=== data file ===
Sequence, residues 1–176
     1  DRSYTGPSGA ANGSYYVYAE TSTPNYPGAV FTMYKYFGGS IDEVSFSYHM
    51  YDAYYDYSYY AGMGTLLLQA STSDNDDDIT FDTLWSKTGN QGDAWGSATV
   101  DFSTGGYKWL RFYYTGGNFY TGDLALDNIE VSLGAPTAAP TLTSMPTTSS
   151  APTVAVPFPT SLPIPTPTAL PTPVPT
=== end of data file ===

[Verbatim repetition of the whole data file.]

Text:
Sequence, residues 1–176
     1  DRSYTGPSGA ANGSYYVYAE TSTPNYPGAV FTMYKYFGGS IDEVSFSYHM
    51  YDAYYDYSYY AGMGTLLLQA STSDNDDDIT FDTLWSKTGN QGDAWGSATV
   101  DFSTGGYKWL RFYYTGGNFY TGDLALDNIE VSLGAPTAAP TLTSMPTTSS
   151  APTVAVPFPT SLPIPTPTAL PTPVPT